Move, Communicate, use Cover, Shoot as necessary and Think. These are the fundamentals of responding to a threat. This week we’re looking at number four - Shooting.
Shooting is fourth for a good reason. At the top of your tactics is “avoidance/escape” – moving. You move to cover, issuing verbal commands or communicating with partners. Moving forces the threat into a reactive mode, providing you time for other options, like moving to create distance. It may be necessary to move in order to get a clear line of attack on the threat(s). Shooting is what we all practice, and with good reason, but it’s probably the least likely of the fundamentals we’ll have to apply. However, sometimes the situation is going to call for shooting.
If all else fails and there’s no other option, you shoot -- using force to solve the problem. You’re shooting to stop the threat(s) – not to kill. Yes, they may die, which is a homicide. The question is was it justified? Remember, you’re responsible for where every round comes to a stop. Study this well; the consequences of your actions must be considered in advance.
When shooting your goal is stopping the threat as efficiently as possible. You engage specific areas of the body. No, you don’t shoot arms or legs to “wound” them. That’s for the movies. The whole reason you’re shooting is because they are a violent threat. Time is a precious commodity. People get shot in every part of the body, with regularity, and it never slows them down. Sure, you might get a peripheral hit and they stop, but don’t bet on it. You need to physically break them down, which requires accurate hits in the right locations of the body.
The “best” part of the body to place your hits – if there is a best – is the pelvis. It’s a large target, moves less than any of the body above it and allows you to shoot with a lower trajectory. Pretty much everyone shot there ends up on the ground.
The “traditional” location to engage has been the chest. But the good stuff is small, and well protected by bone structure. Even a direct hit to the heart isn’t a guaranteed stop. The heart can completely stop working but there’s still enough oxygen for body and brain to continue functioning for several minutes. “But,” you ask, “what about blood loss?” The body can lose a lot of blood and keep on tickin’.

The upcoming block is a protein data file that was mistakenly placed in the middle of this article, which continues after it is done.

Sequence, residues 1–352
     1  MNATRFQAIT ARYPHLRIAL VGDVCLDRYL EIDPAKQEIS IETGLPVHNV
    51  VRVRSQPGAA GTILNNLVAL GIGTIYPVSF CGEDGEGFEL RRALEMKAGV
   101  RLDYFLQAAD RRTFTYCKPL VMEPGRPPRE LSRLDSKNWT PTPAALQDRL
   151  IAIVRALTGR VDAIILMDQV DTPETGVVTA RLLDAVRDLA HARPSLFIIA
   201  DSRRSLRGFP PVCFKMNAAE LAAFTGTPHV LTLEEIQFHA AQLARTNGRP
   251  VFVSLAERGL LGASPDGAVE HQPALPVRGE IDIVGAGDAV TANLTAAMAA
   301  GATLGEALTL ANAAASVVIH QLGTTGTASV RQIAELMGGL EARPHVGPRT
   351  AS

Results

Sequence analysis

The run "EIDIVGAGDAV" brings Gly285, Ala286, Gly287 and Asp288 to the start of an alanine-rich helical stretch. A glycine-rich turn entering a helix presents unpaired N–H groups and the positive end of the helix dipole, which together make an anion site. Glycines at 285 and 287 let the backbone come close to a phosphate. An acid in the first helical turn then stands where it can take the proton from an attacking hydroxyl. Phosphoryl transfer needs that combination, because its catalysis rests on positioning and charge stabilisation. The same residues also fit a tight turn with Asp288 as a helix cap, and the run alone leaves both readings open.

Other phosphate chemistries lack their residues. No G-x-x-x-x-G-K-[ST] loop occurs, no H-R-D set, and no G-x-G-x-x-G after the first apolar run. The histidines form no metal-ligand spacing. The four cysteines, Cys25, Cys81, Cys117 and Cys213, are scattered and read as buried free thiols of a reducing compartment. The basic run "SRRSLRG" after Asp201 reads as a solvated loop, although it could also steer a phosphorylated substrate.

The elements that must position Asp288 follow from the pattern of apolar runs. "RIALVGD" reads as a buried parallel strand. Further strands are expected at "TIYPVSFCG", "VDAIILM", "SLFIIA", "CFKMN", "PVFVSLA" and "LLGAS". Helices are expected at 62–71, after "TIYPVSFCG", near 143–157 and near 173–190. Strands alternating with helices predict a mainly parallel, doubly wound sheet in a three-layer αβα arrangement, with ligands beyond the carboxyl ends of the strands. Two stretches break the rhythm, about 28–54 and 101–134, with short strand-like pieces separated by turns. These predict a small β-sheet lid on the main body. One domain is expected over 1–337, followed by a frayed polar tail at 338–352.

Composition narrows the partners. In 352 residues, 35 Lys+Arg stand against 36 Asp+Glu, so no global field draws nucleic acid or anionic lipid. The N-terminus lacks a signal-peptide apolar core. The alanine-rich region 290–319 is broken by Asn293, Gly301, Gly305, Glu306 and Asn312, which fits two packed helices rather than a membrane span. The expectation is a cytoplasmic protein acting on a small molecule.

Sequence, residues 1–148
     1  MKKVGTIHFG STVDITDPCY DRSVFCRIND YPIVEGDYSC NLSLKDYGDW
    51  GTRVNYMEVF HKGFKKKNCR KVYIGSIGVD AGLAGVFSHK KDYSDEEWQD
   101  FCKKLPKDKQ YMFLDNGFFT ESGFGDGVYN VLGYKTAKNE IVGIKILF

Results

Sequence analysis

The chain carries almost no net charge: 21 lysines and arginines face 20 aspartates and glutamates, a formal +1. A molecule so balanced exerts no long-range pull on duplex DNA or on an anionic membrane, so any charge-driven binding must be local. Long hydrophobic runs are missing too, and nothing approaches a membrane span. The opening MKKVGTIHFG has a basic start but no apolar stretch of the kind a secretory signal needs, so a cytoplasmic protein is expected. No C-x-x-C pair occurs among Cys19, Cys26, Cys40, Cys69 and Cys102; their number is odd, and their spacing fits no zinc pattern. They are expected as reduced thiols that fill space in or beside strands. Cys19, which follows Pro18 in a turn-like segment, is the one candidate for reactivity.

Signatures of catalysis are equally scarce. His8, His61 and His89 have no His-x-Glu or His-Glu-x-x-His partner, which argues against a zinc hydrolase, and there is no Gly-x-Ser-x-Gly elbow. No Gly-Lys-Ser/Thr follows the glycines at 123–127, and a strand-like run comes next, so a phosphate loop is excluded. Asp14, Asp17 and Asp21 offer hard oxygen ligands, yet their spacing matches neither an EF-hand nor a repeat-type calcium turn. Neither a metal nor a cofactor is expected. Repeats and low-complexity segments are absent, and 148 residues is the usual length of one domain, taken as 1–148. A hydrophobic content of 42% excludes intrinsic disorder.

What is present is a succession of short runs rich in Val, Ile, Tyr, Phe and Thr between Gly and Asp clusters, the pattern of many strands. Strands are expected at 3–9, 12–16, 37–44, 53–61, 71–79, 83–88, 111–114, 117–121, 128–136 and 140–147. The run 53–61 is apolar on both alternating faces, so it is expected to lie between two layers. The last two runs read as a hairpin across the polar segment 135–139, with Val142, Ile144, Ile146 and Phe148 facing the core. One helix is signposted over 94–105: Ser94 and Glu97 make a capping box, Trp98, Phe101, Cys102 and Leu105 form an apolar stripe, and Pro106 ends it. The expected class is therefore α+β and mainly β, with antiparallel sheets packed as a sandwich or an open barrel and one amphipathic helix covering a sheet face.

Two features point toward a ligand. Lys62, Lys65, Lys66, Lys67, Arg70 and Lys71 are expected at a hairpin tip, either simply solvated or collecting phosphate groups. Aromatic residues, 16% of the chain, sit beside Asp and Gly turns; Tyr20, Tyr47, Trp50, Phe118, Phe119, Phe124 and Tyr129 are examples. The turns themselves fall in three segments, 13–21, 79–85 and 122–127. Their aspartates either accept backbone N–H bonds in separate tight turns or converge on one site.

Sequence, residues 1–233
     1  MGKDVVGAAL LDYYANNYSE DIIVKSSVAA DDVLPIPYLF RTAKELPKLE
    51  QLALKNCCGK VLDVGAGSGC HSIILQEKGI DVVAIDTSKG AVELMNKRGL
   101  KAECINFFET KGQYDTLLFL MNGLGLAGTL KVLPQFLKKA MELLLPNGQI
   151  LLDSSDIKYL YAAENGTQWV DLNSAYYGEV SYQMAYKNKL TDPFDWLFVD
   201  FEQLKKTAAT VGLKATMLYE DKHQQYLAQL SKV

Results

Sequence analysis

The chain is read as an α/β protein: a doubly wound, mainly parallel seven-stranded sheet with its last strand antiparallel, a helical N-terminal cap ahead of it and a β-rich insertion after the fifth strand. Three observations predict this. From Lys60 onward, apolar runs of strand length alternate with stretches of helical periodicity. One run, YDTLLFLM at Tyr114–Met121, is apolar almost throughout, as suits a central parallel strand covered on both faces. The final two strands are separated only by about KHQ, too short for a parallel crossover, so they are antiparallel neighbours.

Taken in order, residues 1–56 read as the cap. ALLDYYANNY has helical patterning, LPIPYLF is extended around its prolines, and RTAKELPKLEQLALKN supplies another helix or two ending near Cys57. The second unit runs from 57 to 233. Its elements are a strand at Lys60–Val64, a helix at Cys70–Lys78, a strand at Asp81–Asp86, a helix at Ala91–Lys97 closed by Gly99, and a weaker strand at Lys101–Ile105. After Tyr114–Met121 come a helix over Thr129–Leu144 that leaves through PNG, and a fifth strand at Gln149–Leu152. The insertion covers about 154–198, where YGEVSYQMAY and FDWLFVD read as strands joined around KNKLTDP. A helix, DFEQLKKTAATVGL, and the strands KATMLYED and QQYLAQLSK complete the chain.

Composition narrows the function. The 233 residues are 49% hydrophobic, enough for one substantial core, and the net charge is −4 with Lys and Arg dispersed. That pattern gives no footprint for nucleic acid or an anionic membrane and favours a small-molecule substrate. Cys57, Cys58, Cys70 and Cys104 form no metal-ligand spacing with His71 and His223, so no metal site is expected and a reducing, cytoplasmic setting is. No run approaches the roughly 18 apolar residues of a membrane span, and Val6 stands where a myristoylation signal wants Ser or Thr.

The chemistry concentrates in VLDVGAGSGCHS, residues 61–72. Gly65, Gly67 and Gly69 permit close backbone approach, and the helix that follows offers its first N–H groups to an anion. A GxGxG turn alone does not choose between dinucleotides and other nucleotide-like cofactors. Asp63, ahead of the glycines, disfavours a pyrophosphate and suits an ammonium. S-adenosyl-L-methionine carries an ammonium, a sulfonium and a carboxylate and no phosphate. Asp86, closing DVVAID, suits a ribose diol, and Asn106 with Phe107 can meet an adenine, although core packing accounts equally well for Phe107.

Head shots are for special occasions. Either that’s all you have to shoot, or you’re looking for immediate incapacitation. Effective head shots require a lot of accuracy, especially a moving target at distance, so they usually consume more time.
You shoot as accurately as necessary to hit the intended target. The speed you shoot is dictated by distance and size of target. With a close large target, you can hammer hits accurately. As the distance increases, or target size decreases, you shoot slower. On a stationary target you can shoot quickly; the faster the target moves the slower you fire. Regardless of where you shoot them, or how many times you shoot -- always get ready to fire again. They’ll let you know when to stop firing.
Break contact as soon as possible. You shoot. It doesn’t stop them, but changes their mind about what they thought they were going to do. They turn, running to escape. You stop shooting. Contact broken. After you shoot the threat drops to the ground. You cease fire, move to create distance, breaking contact and getting to a safer location. Knowing when to shoot is important. Knowing when not to shoot and when to stop firing is equally important.
Regardless of what you do with your weapon – presenting it, not covering any one with the muzzle and issuing verbal commands or having to fire it – you’ll need solid reasons to explain why you did it. Train and practice with this in mind: The “why” is always important.
Tiger McKee is director of Shootrite Firearms Academy, which is celebrating its twenty-fifth anniversary. He is the author of The Book of Two Guns, AR-15 Skills and Drills, has a regular column in American Handgunner and makes some cool knives and custom revolvers. Visit Shootrite’s Facebook page for other details.